Historical scholars tell us that first century Christians were often misunderstood, slandered, persecuted and martyred for their beliefs. They were accused of disloyalty to the political establishment of the Roman empire. This is the background to the letter written by the apostle Peter to the provinces of Asia Minor.
His words in 1 Peter 1:6-16 are just as relevant today as when he wrote them. We are given guidance on how to respond when life is hard. He tells us that difficulties in life (such as the present pandemic and civil unrest) are temporary, “for a little while,” as the Lord sees our lives (v. 6). We wonder when life will return to “normal.” Peter wants us to know that God has his own timetable and his timing is perfect.
He also says that trials are purposeful. God has something he wants to accomplish in the troubles that reach us. Peter compares the suffering of a Christian to a gold miner who brings his ore to a refiner so that the gold may be purified and alloys and impurities can be removed. The fires of testing (v.7) refine our faith, so that we may glorify the Lord and be prepared for his return.
At Jesus’ revelation, Peter says, those who patiently endure affliction because of love for Jesus, will receive rewards of praise, glory and honor. This is a motivation for us to live holy lives (v. 15). In this context, holiness means to be set apart for God, separate from the world, and self-controlled.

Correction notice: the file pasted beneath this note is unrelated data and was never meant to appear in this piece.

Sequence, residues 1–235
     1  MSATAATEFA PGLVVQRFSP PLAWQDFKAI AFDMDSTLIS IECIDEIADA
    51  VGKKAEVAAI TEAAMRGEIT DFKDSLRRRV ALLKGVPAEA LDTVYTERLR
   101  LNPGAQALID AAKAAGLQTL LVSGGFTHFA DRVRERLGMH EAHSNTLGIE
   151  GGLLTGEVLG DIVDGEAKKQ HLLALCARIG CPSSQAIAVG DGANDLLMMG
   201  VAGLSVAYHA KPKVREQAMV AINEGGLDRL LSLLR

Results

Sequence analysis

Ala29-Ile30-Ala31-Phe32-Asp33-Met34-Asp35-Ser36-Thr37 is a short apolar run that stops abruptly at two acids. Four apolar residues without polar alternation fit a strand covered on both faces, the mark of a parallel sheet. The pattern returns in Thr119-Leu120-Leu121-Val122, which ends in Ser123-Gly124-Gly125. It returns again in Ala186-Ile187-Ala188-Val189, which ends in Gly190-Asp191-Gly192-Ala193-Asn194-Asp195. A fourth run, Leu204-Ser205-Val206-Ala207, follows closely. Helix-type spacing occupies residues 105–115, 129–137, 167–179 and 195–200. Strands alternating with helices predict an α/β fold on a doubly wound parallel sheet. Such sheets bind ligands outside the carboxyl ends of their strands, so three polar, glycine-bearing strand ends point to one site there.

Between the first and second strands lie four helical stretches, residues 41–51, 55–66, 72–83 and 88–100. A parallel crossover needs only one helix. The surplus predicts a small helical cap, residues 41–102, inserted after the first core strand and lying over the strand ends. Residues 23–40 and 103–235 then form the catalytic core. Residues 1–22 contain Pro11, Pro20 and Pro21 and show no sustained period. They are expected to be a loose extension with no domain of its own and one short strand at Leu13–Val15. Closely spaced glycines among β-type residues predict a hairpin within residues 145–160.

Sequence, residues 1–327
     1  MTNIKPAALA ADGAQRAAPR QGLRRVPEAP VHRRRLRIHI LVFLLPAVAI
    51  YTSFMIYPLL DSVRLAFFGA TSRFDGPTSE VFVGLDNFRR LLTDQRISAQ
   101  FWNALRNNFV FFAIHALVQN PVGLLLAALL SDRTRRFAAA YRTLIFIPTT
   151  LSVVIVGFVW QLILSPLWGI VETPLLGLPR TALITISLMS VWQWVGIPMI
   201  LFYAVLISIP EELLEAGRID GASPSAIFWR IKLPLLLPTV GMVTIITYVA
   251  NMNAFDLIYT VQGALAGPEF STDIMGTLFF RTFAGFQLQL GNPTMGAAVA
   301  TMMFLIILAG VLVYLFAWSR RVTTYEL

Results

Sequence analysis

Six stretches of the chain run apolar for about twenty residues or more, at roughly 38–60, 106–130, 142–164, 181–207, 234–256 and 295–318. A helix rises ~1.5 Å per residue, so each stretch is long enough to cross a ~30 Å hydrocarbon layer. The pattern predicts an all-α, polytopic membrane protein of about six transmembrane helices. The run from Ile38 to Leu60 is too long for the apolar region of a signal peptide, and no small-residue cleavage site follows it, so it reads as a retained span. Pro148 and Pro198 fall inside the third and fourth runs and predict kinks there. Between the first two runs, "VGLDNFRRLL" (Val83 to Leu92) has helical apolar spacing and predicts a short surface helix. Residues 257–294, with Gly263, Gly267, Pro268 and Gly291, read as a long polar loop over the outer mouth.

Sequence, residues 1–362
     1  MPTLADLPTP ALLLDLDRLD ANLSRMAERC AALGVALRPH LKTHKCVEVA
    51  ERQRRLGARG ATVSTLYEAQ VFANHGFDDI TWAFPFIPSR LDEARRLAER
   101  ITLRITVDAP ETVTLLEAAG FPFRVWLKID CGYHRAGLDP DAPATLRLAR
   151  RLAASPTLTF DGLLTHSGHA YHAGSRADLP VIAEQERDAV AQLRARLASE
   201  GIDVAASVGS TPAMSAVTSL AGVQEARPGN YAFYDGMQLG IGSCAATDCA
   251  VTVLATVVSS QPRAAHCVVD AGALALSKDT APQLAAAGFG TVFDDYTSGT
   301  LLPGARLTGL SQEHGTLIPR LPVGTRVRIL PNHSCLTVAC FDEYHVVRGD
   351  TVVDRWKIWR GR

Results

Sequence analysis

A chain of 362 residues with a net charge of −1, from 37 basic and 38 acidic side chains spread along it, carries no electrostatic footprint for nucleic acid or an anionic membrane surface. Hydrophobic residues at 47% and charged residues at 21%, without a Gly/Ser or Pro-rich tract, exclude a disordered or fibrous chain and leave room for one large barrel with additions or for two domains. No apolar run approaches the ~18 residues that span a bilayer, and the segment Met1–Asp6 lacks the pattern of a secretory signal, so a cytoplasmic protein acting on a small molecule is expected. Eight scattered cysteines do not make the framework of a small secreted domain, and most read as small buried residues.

“Therefore, with minds that are fully sober, set your hope on the grace to be brought to you when Jesus Christ is revealed at his coming. As obedient children do not conform to the evil desires you had when you lived in ignorance. But just as he who called you is holy, so be holy in all you do” (vv. 13-15).
Some people have the mistaken idea that following Jesus is a guarantee that they will escape suffering and trouble in this life. Peter’s letter tells a different story. Sometimes God uses life’s hardships to accomplish his higher purposes in our lives. He wants to put his holy character on display in us (vv. 15-16). He wants us to behave as strangers and exiles in this world, living in expectation of Jesus’ return.
Charles Colson told of being hospitalized for surgery. As he recovered, he took walks in the corridors, dragging an I.V. pole along with him. He met a man from India, a Hindu, whose two-year-old son had had two failed kidney transplants and was now blind for life.
When he learned Colson was a Christian, he asked if he became a Christian would God heal his son. He said he had heard things like that on religious television programs. Colson wrote, “When I heard that I realized how arrogant the health and wealth gospel sounds to suffering families. Christians may be spared all suffering, but little Hindu children go blind. One couldn’t blame a Hindu or Muslim or an agnostic for hating such a god!”
“I told my Hindu friend about Jesus. Yes, he may miraculously intervene in our lives. But we come to God, not because of what he may do to spare us suffering, but because Christ is truth. What he does promise is much more — the forgiveness of sin and eternal life. … If that man does become a Christian, it won’t be on false pretenses.”
The fact is, we are called to live for God, whether or not the Lord relieves our pain, ends the pandemic, or restores the American economy. We love and serve Jesus not because he gives us easy, comfortable lives. It is because he has a higher purpose: he wants to make us like himself. “Be holy, because I am holy.”
Pastor Randy Faulkner